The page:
|EDITOR'S NOTE: Pornography can inflict profound and long-lasting damage on marriages and families. Members of Christian households are not immune. The following account is true. It is taken from the journal of one Christian woman's struggle with her husband's behavior. Names have been changed to protect the family's identity.|
We have never met, but you have affected my life more than you will ever know.
When you posed nude, I don't think you knew you would be part of creating a chasm between my husband and me. I don't think you knew the anguish and hurt I would feel when I found pictures of you in my home.
Did you know how often I would get angry at my husband for little things when what I was really furious about was you? Why were you in our home--a home where a plaque announced, "As for me and my house, we will serve the Lord?"
In the early years of our marriage, I was convinced James would get rid of you. He had me now. Surely he didn't need you, too. I tried to explain how rejected I felt by your presence, and I pleaded with him to have nothing to do with you. He refused. He would say things like, "Variety is the spice of life," or insist that all men looked at pictures of you--that it's part of being male. I wondered if the other men at the church I attended did. The subject was never mentioned there.
No matter what he said about you, the only reason I could see for your presence was that I didn't look good enough. It seemed the more he saw of you, the less he desired me. For a few months in the early years, I studied your pictures, imagining that I was you and that my husband desired me and longed to be with me the way he desired you. But all that did was add to my shame -- the shame of not being beautiful and the shame of not being able to attract my own husband.
I was willing to do almost anything to be thinner like you, so my husband would desire me. Did you know I would dye my hair blond to try to catch his attention? That I would seriously consider breast implants to look more like you?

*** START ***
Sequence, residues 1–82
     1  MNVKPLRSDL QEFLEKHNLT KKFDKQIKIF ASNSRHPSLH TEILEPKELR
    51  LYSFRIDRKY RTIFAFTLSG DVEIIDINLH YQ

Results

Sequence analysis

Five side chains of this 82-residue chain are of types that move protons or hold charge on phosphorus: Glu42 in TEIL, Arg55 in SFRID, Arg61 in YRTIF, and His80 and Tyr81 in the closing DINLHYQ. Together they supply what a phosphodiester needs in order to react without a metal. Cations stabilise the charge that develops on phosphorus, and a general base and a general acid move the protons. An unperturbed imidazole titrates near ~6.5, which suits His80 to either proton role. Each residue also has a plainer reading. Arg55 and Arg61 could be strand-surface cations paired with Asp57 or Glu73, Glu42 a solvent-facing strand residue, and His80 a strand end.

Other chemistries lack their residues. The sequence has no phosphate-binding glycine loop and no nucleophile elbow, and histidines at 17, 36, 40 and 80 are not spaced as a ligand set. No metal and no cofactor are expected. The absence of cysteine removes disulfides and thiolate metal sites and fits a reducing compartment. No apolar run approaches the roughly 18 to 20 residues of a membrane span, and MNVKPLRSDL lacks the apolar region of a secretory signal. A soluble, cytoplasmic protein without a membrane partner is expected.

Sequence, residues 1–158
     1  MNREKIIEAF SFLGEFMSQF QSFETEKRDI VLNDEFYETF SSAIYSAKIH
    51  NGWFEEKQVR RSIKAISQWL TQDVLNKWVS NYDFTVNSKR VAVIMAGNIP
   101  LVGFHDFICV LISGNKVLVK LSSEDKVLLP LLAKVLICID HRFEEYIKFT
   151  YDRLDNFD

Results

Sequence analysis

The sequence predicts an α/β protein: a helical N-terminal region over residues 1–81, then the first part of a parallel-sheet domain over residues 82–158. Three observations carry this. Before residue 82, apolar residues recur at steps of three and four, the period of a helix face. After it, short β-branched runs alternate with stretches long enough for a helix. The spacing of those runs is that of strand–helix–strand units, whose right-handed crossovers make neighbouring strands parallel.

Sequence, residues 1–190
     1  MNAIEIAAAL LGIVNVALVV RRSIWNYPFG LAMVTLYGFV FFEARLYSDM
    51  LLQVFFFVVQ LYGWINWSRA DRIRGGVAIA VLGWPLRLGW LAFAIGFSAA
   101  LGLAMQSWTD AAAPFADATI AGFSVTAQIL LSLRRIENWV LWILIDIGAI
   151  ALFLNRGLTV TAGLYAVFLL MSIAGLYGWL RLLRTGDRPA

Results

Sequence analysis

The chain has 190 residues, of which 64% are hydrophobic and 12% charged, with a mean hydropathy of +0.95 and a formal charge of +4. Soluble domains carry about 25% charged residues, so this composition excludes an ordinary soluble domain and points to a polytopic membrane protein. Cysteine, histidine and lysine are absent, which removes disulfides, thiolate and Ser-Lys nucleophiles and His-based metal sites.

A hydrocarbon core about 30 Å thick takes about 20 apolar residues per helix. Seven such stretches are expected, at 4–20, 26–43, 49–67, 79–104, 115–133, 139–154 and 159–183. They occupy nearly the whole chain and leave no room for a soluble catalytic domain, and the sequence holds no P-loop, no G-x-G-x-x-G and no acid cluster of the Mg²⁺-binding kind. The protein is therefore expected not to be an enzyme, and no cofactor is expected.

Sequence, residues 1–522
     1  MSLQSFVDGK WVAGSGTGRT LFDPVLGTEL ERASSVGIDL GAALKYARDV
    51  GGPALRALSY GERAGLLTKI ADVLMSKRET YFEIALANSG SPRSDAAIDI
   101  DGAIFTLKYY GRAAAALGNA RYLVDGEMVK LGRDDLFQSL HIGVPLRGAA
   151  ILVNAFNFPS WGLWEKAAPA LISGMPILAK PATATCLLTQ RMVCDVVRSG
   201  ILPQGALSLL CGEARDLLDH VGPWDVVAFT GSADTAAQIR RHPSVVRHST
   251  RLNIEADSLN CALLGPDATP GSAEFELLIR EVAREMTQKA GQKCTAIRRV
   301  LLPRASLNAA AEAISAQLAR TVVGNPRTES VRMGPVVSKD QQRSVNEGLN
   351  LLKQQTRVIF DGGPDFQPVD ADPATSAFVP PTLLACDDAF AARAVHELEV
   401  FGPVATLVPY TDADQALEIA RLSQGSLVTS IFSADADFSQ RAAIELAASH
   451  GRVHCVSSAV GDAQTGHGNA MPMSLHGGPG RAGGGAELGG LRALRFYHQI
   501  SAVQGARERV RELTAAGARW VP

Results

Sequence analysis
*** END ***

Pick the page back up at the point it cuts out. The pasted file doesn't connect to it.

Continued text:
Because James ignored my pleas to get rid of you, I began to pretend I wasn't so bothered--turning the other way when I saw you, pretending I didn't. But one day my daughter and I went into my bedroom to search for something, and there was a pile of magazines with your pictures in them.
"What are these for, Mommy?" she asked me.
What could I say? How could I explain to a 7-year-old why you were in our house?
That day I remembered finding the magazines in my home growing up. My father knew you, too, it seems. I would sneak and look through those magazines. I was 12 or 13. I asked myself the same question my daughter asked. Women like my mother don't look good enough, I concluded, so Dad needs to look at these women who look better.
I will look like these "better women" so my husband won't have to buy these magazines. I will look good enough, I vowed.
I never did answer my daughter's question that day, but the anger started rising inside me. The denial began to peel away. You were affecting our home. You could affect our children. I tried to talk to James about breaking off with you, at least for the children's sake. He convinced himself and tried to convince me that I was being too emotional and overreacting to you.
The next time my anger rose was months later, when the girls and I came home unexpectedly, and there was their daddy on the couch looking at pictures of you. I thanked God that one of the girls didn't walk into the room first. Humiliation and shame engulfed me, pushing down the anger. Neither of us said much.
I tried to pretend it never happened.
FINALLY I COULD NO LONGER tolerate your presence . I had taken my children and their friends to the swimming pool, and in the back of the van I saw a magazine sticking out. There you were again. I had convinced myself that you were gone from our lives; I hadn't seen you in so long.
James had recently returned from a weekend trip "alone" while I went out of town to a seminar, and it sickened me that he brought you along.
These magazines were different. The others deceived with "beauty" and promises of thought-provoking articles. The covers of these magazines said "X-Rated" in large letters that mocked me.
I married an X-rated man, I told myself that day. He was a Christian -- he had been going to church every Sunday. He was kind to his children and an excellent provider. But it all seemed a smoke screen for his X-rated behavior and his "affair" with you.
MY PRETENDING WAS OVER. That day my anger broke loose. I cut your picture out of one of the magazines and pasted it on our wedding picture over myself That day I was forced to admit that the promise I made to myself when I was 12 had not come true. I did not look good enough for my husband.
That day, after 13 years of marriage, I talked and screamed and cried and threatened to leave if you didn't. James made no promises.
"It has nothing to do with you," he said when I begged him to explain it. "Why do you take it so personally?" he asked. "All men like to look at beautiful women. What about Solomon and all those wives?"